Tshechu for the Brokpas (Merak and Sakten)
has not yet broken and 40-year-old Zangmo has finished her household chores.
Quickly sending off the yaks to graze she and her family, attired in their
best costumes, set off for Khaling, Trashigang, on foot.
a two-hour descent through pine forests they reach Tsendar Dubzhi, where
the Khaling tshechu is being held. Friends and relatives from the nomadic
Brokpa community of Merak and Sakten who are already there greet them.
Khaling tshechu is unusually popular among the Brokpas. In fact, Khalingpas
say that it is the only tshechu that the majority of the brokpas from Merak
and Sakten witness. "This is the only tshechu me and my children have attended
in our life time," said Zangmo. "Forget about other places, we cannot even
make it to Trashigang tshechu because of the distance and the expenses
|The tshechu is popular with the highlanders
(religious dances) like the Peling Rigsum, Drametse Ngachham, Sha Zam,
and Chug Zam are performed and the thongdroel bearing Tenpa with Chagtong
Chentong and Guru Rinpoche is displayed on the last day of the tshechu.
a father of two, said that except for the occasional business trips, they
could not really stay back for the tshechu in other places.
it was convenient for the Brokpas to attend the Khaling tshechu as it coincided
with their migration to the warmer valleys in winter. Khaling was a couple
of hours walk from where they pitched camp.
we are much nearer to the place, we can take our children along who needs
exposure and blessings," said Lobzang.
said that there were religious performances like Acha Lham and Yakchham
back in the village but never a tshechu with complete set of performances.
most of the families brought packed lunch and returned in the evening to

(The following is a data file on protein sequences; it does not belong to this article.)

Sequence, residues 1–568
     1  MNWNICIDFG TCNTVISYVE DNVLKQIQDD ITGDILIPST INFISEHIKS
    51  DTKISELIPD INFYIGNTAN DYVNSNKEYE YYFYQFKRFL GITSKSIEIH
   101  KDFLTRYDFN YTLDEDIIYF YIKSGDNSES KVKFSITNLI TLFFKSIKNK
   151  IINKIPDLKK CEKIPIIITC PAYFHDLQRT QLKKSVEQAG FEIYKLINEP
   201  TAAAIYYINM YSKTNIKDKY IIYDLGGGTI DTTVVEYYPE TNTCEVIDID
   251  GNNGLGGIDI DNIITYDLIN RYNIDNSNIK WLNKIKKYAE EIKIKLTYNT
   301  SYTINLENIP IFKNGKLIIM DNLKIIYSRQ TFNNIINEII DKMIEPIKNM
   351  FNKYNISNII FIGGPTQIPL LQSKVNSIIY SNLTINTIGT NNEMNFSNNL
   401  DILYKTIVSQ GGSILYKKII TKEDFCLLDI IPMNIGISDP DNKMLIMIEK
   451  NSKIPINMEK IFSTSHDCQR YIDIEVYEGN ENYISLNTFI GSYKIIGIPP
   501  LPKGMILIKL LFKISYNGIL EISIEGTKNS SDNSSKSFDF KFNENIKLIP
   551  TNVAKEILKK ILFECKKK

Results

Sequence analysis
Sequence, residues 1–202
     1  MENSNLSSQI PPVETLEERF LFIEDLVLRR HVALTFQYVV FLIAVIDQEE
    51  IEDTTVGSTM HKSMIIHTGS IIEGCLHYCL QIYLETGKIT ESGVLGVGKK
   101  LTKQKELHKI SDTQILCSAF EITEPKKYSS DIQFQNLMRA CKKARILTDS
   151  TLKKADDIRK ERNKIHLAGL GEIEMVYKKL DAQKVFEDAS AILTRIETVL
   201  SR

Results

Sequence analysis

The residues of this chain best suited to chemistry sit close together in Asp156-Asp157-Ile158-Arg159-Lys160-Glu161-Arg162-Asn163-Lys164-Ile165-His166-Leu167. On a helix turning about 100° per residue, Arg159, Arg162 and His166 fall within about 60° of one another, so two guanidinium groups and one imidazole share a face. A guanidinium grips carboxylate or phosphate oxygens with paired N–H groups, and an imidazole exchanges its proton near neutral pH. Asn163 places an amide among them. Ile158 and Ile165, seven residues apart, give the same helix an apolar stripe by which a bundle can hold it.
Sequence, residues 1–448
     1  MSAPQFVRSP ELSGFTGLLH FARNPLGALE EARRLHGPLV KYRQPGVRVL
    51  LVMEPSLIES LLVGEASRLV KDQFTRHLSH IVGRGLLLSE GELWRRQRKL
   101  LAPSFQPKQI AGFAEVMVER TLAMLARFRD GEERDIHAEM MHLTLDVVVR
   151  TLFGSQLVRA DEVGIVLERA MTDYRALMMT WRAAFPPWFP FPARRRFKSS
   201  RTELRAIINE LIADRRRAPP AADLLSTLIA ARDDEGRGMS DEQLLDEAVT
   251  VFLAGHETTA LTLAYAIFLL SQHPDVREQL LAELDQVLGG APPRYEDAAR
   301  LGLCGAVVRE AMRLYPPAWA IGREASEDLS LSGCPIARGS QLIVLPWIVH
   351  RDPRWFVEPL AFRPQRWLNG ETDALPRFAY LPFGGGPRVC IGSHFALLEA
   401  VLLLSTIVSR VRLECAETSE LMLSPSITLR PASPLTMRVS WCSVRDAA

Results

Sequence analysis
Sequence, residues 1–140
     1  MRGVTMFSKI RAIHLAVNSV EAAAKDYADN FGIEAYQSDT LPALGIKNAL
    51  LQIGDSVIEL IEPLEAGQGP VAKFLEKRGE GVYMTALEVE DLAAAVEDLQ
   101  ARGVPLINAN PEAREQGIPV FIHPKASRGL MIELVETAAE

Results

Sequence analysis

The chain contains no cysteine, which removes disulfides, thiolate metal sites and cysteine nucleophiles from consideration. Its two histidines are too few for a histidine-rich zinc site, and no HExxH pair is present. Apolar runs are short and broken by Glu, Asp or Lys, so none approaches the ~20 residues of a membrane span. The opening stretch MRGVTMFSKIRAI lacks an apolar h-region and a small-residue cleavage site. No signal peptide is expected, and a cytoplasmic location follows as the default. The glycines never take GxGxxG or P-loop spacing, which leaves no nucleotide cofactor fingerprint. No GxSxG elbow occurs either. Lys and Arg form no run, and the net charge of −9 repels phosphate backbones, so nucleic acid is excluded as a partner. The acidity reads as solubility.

their herds, some pitched tent near the Lhakhang and stayed until the last
day of the tshechu.
also took the opportunity to sell cheese, butter, and yak meat. "We can
sell more of our produce during the tshechu," said 34-year-old Dorji Tashi
to Khaling chimi, Sonam Dorji, the tshechu was previously held in August
but was later shifted to October to correspond with the migration of the
said that earlier there was an agreement with the yak herders that they
would come down in the month of September and return to their villages
some time in April.
arrangement gave Brokpas an opportunity to attend the tshechu," he said,
adding that the tshechu timing was also altered because it earlier fell
during the time of 'La Dham'. "It is believed that one is not supposed
to travel to the hills as it disturbed the deities and brought rain that
destroyed crops," he said.
Sonam Dorji said that there were at least 30 Brokpas attending the tshechu
in a day.
come here to establish businesses but most are drawn by the tshechu," he
said, adding that Brokpas also made offerings in the form of butter and
by Kesang Dema, KUENSEL, Bhutan's national newspaper, 2006
| Information on Bhutan